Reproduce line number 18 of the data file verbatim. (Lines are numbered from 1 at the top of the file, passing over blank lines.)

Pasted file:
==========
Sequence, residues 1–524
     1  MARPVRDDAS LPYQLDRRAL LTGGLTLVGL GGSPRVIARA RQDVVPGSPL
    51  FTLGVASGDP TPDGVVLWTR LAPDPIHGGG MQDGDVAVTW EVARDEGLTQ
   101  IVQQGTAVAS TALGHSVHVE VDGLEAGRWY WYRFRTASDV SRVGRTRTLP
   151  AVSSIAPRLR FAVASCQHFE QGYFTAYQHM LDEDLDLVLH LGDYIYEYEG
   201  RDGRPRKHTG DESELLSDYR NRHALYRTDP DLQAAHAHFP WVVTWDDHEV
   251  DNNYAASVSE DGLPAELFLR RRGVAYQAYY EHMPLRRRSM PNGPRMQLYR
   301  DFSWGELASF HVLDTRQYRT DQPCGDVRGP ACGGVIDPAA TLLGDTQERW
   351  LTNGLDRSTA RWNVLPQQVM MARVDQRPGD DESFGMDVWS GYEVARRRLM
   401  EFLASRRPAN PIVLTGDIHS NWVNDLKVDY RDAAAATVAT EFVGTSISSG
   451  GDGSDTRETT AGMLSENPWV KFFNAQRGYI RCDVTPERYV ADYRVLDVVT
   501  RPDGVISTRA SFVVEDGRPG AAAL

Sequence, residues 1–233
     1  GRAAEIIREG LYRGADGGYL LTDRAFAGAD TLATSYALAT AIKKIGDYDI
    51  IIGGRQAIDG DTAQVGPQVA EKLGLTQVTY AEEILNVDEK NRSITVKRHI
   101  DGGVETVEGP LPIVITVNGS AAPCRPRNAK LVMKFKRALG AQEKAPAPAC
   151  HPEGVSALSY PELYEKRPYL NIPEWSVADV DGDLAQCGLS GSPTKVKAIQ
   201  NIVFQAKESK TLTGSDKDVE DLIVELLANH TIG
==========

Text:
   201  NIVFQAKESK TLTGSDKDVE DLIVELLANH TIG